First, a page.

The U.S. Department of Labor and the White House recently announced $150 million in grants for 39 technology partnerships. The awardees will start training and placement models to develop tech talent aimed at creating and keeping jobs in local economies.
The following is excerpted from the White House press release, and highlights the importance of this funding to technology-related career pathways.
These grants will enable more communities to expand their own local tech sectors.
- Tech jobs are a pathway to the middle class.
- Tech jobs pay one and a half times the average wage of a private-sector job.
- Studies have shown that these opportunities are also accessible to those without college degrees-- men and women with non-degree certificates in computer or information services earned more than 65 percent of men and women, respectively, with more traditional Associate degrees.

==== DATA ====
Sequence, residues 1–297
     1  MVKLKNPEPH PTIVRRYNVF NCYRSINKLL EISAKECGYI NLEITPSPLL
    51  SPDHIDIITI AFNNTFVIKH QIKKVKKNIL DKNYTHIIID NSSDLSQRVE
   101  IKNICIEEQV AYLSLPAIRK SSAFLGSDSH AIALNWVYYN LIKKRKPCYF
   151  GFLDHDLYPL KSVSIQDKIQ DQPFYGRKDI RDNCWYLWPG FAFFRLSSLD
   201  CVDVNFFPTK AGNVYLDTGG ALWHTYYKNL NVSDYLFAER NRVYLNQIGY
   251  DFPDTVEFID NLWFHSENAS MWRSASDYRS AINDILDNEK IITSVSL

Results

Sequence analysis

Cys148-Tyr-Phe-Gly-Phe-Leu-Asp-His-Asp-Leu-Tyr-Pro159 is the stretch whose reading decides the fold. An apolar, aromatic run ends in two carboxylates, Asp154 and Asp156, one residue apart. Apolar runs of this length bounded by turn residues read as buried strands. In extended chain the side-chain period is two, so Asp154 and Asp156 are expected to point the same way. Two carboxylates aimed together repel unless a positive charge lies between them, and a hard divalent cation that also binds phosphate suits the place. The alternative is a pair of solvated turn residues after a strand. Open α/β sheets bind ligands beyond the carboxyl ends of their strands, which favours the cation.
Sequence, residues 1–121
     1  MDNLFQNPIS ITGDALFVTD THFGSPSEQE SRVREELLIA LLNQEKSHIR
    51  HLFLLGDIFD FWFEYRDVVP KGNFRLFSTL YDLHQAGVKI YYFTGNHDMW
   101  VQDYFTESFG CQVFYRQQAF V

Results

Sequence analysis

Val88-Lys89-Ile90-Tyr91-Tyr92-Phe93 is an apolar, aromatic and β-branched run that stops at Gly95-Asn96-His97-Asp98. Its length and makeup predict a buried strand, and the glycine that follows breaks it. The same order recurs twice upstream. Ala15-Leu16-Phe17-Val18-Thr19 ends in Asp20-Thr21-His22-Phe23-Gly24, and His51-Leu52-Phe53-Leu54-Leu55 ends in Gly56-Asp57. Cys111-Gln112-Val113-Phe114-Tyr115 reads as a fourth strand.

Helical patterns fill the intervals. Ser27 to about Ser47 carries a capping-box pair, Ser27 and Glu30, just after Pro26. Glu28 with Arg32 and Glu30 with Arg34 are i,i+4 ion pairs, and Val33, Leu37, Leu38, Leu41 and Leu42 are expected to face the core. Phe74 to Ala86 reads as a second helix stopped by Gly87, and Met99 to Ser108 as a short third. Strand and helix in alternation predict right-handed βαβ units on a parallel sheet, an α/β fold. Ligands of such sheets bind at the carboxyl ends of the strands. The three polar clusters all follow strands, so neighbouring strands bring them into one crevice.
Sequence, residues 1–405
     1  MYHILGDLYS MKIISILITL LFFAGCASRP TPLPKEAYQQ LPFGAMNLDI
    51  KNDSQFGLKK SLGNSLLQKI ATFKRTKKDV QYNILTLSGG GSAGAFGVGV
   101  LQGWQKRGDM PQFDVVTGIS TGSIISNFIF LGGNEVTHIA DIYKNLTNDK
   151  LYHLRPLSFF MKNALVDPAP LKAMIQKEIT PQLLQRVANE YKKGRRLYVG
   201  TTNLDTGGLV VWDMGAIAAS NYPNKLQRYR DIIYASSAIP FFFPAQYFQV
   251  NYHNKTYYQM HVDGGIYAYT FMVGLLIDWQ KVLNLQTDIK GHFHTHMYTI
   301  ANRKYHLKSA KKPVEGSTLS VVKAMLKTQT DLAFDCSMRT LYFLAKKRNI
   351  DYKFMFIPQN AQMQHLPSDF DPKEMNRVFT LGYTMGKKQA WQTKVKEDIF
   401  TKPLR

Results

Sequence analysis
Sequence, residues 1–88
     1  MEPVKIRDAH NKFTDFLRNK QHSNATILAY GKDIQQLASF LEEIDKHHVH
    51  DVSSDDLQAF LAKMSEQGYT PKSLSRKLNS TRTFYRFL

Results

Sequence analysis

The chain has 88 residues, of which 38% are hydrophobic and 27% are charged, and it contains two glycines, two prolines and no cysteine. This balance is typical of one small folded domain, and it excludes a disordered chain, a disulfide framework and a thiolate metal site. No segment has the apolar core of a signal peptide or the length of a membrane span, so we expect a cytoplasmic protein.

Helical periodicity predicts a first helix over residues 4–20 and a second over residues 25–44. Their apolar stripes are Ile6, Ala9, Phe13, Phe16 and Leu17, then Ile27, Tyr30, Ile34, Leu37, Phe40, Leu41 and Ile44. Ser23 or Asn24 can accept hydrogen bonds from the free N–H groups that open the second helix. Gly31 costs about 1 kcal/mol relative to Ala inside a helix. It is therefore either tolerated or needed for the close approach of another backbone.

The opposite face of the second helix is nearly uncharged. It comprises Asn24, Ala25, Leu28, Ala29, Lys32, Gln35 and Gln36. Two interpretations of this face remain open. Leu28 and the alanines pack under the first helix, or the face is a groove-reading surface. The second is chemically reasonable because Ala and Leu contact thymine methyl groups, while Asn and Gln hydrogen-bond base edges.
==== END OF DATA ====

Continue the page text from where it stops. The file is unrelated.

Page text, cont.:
- New innovations in training and hiring can help meet the tech job demand.
- Nearly 40 percent of tech jobs do not require a four-year degree. In recent years, there has been a proliferation of fast-track tech training programs like “coding bootcamps” that prepare people with little technical know-how for tech jobs, often in just a few months.
- A recent survey from Course Report found that bootcamp graduates saw salary gains of 38 percent (or about $18,000) after completing their programs.
- At the same time, employers in cities like Albuquerque have been adopting new “skills-based” hiring approaches that enable job seekers to demonstrate their skills to get hired even if they lack traditional qualifications like computer science degrees.